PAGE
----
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There’s a Major New Trend in Online Diamond Retail

Millennials are changing the equation.

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The diamond industry is still trying to figure out the millennial consumer, and the equation is only becoming more complicated.

There’s the question of whether Generation Y is as interested in diamond jewelry as previous generations were. And there’s the issue of whether they prefer bricks-and-mortar retail or e-commerce when they do buy.

And now there’s another factor to think about, Bloomberg reports. When millennials buy diamonds, they might not be in it for the long haul.

The news service explains that for the younger generation, a diamond may be something to own “until you get sick of it, list it for sale online, and buy another one.” As such, a traditional jeweler is not always part of the transaction.

Bloomberg notes that “online startups with alternative inventory” now abound, many of them emboldened by the success of online diamond retailer Blue Nile. Antique stores and independent resellers are also getting in on the online action through sites such as E-Bay and Etsy.

According to Bloomberg, on E-Bay, “antique rings made up 28 percent of the engagement ring market over the last three years.”

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Blue Nile, which is being purchased in a $500 million deal by an investor group made up of funds managed by Bain Capital Private Equity and Bow Street LLC, has been feeling the increased competition in net sales and its stock price, Bloomberg notes.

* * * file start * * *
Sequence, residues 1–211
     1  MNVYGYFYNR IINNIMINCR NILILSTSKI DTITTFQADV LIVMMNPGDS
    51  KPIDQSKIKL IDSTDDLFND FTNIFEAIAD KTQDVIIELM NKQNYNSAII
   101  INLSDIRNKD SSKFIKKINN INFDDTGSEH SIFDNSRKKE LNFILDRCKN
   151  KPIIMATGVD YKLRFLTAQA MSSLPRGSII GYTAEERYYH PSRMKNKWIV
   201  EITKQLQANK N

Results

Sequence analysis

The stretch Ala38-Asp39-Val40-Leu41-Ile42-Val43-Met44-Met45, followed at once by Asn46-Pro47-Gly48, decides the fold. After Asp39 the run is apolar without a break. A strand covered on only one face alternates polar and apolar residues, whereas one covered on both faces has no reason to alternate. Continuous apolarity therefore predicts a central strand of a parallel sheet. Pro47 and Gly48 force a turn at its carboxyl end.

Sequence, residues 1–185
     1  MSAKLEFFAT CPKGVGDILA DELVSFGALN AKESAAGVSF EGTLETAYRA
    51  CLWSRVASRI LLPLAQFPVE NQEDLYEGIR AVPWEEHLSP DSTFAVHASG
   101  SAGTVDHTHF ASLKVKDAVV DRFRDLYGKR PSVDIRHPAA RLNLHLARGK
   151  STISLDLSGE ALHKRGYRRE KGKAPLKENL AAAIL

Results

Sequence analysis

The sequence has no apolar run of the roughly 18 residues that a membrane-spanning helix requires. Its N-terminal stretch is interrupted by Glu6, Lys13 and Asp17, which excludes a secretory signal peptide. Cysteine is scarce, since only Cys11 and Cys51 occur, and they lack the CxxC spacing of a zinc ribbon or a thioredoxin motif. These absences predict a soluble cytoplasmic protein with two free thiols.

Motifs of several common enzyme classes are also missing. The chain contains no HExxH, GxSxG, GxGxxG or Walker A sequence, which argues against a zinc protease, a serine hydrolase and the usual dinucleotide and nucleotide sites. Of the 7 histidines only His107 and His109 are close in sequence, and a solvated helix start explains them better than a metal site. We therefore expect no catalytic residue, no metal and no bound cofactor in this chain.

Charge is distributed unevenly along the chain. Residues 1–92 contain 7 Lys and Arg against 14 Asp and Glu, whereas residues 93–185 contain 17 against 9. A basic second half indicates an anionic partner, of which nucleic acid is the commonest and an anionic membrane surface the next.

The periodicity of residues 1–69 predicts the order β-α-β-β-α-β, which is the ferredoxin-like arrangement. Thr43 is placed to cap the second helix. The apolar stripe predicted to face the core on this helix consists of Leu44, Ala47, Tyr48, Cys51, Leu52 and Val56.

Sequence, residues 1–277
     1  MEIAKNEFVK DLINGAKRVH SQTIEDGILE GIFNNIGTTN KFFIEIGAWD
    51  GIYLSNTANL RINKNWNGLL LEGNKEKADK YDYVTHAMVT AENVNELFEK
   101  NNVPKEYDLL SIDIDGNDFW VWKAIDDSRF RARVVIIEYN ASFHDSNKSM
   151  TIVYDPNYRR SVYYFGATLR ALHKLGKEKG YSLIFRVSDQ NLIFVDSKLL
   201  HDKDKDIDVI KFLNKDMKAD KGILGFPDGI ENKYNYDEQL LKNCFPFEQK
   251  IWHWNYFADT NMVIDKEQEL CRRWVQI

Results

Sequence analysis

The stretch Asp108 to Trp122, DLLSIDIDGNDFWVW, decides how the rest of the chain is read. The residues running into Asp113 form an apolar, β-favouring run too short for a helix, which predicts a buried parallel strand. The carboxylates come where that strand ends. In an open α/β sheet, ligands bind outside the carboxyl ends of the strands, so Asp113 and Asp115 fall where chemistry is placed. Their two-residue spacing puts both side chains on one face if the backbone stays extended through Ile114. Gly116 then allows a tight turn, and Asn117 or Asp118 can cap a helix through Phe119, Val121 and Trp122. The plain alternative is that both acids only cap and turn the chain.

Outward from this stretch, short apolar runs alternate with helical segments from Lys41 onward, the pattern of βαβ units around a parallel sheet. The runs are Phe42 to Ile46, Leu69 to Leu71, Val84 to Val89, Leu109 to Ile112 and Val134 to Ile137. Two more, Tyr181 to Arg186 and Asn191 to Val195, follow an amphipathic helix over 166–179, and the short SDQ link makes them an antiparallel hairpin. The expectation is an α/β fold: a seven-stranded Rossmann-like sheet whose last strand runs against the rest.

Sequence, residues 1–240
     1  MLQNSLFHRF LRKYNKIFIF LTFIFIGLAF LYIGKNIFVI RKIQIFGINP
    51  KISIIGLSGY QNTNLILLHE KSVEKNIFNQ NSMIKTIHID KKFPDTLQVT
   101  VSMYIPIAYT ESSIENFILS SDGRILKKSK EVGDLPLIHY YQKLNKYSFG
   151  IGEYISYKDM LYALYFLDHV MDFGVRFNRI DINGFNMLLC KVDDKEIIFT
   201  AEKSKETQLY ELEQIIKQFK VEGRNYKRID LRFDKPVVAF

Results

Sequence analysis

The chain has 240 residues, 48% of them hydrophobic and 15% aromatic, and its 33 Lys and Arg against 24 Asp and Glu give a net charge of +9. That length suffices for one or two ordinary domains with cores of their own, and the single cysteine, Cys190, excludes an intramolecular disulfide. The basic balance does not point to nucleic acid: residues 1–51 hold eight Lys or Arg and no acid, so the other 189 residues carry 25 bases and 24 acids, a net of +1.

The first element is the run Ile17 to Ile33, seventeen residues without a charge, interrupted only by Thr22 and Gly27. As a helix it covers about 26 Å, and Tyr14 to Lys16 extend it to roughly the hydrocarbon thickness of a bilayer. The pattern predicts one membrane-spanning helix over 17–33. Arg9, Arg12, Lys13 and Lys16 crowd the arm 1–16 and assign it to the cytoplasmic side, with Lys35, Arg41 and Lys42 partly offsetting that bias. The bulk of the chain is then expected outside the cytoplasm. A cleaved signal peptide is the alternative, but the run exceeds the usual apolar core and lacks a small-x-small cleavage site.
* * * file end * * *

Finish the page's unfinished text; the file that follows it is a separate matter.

Read more at Bloomberg

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Thinking of Liquidating? Wilkerson’s Got You Covered

Bil Holehan, the manager of Julianna’s Fine Jewelry in Corte Madera, Calif., decided to go on to the next chapter of his life when the store’s owner and namesake told him she was set to retire. Before they left, Holehan says they decided to liquidate some of the store’s aging inventory. They chose Wilkerson for the sale. Why? “Friends had done their sales with Wilkerson and they were very satisfied,” says Holehan. He’d enthusiastically recommend Wilkerson to anyone looking to stage a liquidation or going-out-of-business sale. “There were no surprises,” he says. “They were very professional in their assessment of our store, what we could expect from the sale and they were very detailed in their projections. They were pretty much on the money.”

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